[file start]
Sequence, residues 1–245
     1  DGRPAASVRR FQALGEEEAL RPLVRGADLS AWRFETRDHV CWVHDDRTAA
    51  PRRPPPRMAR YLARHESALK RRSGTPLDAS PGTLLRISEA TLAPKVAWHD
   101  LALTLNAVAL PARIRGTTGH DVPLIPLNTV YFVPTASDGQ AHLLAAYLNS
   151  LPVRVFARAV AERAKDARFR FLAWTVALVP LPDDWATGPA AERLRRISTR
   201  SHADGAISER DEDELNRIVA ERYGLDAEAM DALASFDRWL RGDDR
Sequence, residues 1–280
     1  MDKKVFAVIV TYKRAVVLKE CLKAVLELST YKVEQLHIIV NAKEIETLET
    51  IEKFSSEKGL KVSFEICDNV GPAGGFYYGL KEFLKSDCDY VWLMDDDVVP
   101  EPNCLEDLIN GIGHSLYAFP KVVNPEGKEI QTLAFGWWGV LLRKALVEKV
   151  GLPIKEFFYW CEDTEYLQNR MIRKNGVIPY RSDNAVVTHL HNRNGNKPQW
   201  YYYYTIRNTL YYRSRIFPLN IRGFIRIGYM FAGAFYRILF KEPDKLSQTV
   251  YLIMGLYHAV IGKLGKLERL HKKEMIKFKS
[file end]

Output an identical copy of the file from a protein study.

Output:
Sequence, residues 1–245
     1  DGRPAASVRR FQALGEEEAL RPLVRGADLS AWRFETRDHV CWVHDDRTAA
    51  PRRPPPRMAR YLARHESALK RRSGTPLDAS PGTLLRISEA TLAPKVAWHD
   101  LALTLNAVAL PARIRGTTGH DVPLIPLNTV YFVPTASDGQ AHLLAAYLNS
   151  LPVRVFARAV AERAKDARFR FLAWTVALVP LPDDWATGPA AERLRRISTR
   201  SHADGAISER DEDELNRIVA ERYGLDAEAM DALASFDRWL RGDDR
Sequence, residues 1–280
     1  MDKKVFAVIV TYKRAVVLKE CLKAVLELST YKVEQLHIIV NAKEIETLET
    51  IEKFSSEKGL KVSFEICDNV GPAGGFYYGL KEFLKSDCDY VWLMDDDVVP
   101  EPNCLEDLIN GIGHSLYAFP KVVNPEGKEI QTLAFGWWGV LLRKALVEKV
   151  GLPIKEFFYW CEDTEYLQNR MIRKNGVIPY RSDNAVVTHL HNRNGNKPQW
   201  YYYYTIRNTL YYRSRIFPLN IRGFIRIGYM FAGAFYRILF KEPDKLSQTV
   251  YLIMGLYHAV IGKLGKLERL HKKEMIKFKS